Mar 24


I recently interviewed Ishita Gupta, founder of the digital magazine, fear.less, for the insurance publication I write. fear.less features stories of people from all walks of life – artists, musicians, photographers, CEOs, entrepreneurs, authors, physicians, spiritual advisers – and how they face and overcome their fears professionally and personally. It’s a great inspirational magazine, it’s free, and I recommend that you become a subscriber.

I started thinking about what it means to be fearless? And if I approach work and life taking on my insecurities, working through them, to make things happen and to enrich my life as well as those around me. Sometimes yes, sometimes no….

What comes to my mind is the work I did several years ago when I lived in Barcelona, Spain. My gig with a sports technology/marketing company came to an end and I really wanted to remain in this beautiful city I called home. I needed to work and was trying to figure out what I could do. So I started to come up with ideas and put together proposals. One idea was for a retail chain called womensecret, a brand that sells woman’s underwear, sleepwear, accessories and swimwear. I came up with a campaign for the retailer to become involved in bringing domestic violence out it the open in Spain, which was just starting to generate attention. No campaign was ever done like this. I got the proposal in the hands of a friend who knew the wife of the head of the retailer’s parent company (networking!) Eventually, the proposal made it to the VP of Marketing, who called me in. They weren’t ready for the domestic violence campaign at the time as they were committed to a nonprofit organization called Tierra de hombres, which provides surgeries and medical assistance in Spain for children in Africa. They wanted me to come up with a campaign for this NGO to help raise money in the countries where women’secret had a big presence (Spain, Portugal, Mexico). They wanted celebrity ambassadors to design T-shirts (with the proceeds going to the NGO), special packaging, massive press coverage, and a fashion show launch. It was to happen within six to seven months.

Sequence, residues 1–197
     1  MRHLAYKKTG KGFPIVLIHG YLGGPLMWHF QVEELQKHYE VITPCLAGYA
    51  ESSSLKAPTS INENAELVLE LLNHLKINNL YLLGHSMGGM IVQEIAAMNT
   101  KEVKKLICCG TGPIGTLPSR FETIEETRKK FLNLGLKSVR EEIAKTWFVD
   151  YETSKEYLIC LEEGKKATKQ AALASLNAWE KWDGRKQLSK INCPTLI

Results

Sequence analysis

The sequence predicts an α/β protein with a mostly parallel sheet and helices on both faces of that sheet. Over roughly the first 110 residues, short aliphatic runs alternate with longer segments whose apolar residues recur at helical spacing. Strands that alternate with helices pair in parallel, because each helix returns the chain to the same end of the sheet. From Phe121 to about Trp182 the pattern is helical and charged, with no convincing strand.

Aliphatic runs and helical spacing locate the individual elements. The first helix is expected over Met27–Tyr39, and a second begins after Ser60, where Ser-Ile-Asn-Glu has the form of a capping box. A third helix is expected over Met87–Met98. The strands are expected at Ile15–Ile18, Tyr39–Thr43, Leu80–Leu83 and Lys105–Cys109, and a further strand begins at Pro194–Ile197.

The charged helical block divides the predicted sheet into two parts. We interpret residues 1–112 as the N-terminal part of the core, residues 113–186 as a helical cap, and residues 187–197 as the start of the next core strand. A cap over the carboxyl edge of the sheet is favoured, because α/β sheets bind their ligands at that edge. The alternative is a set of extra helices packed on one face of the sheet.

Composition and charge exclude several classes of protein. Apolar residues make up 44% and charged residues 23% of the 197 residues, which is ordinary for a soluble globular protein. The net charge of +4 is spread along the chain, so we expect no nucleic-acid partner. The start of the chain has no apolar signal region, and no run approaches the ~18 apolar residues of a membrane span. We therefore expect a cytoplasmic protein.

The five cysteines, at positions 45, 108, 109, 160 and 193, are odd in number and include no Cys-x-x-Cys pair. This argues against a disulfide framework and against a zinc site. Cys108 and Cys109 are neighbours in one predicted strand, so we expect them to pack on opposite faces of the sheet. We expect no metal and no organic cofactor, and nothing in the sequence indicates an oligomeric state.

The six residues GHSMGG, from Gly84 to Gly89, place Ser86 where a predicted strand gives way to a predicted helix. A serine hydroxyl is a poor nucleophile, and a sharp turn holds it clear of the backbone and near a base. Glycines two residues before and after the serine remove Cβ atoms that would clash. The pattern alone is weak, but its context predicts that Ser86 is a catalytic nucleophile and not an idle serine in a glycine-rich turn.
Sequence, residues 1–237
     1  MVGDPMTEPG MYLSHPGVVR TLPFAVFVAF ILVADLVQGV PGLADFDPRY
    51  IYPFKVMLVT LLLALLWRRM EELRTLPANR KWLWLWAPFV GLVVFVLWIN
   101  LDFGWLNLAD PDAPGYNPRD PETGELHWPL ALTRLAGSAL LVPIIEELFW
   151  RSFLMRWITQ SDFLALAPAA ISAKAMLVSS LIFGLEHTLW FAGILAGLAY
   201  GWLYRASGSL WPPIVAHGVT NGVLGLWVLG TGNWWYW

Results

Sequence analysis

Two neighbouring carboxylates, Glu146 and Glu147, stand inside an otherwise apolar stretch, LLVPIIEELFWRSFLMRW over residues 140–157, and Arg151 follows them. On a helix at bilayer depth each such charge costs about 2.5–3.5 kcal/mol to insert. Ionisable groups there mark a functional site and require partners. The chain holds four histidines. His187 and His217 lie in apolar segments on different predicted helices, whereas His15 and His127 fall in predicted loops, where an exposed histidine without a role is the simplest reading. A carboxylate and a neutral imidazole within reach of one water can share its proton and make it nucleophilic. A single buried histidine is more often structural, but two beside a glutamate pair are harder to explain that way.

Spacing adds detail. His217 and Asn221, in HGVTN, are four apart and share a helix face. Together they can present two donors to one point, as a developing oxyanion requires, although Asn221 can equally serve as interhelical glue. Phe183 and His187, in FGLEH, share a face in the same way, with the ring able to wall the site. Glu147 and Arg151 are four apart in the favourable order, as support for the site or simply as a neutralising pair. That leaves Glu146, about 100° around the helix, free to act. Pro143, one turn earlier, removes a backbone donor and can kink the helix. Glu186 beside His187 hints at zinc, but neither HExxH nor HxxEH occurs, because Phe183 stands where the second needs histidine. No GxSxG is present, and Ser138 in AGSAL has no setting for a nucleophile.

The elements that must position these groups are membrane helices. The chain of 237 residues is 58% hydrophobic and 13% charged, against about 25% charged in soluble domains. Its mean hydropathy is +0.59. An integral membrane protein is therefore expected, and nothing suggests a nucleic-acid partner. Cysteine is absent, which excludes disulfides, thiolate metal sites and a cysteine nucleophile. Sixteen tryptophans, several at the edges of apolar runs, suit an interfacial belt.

I had never done any of this type of work. Panic set in. Here I was doing something for the first time in a country in which the language was not native to me; I didn’t know any of the agents/representatives to obtain celebrities; I had absolutely no press contacts; I never worked on a high-end fashion show… Perhaps I was in over my head?

I called the campaign DESIGNING FOR LIFE, and created all the related materials in English and Spanish (hired my wonderful, dear friend Magda to write the Spanish version); designed proposals and press kits (thank you Alex!); obtained the eight women celebrity ambassadors, including Gwyneth Paltrow, who the client desperately wanted as she is/was a champion of many causes and loves/d all things Spain; called reps/agents; contacted the press, sending out press kits and following up so that they covered the fashion show event; worked with the ambassadors to get their designs; and so much more.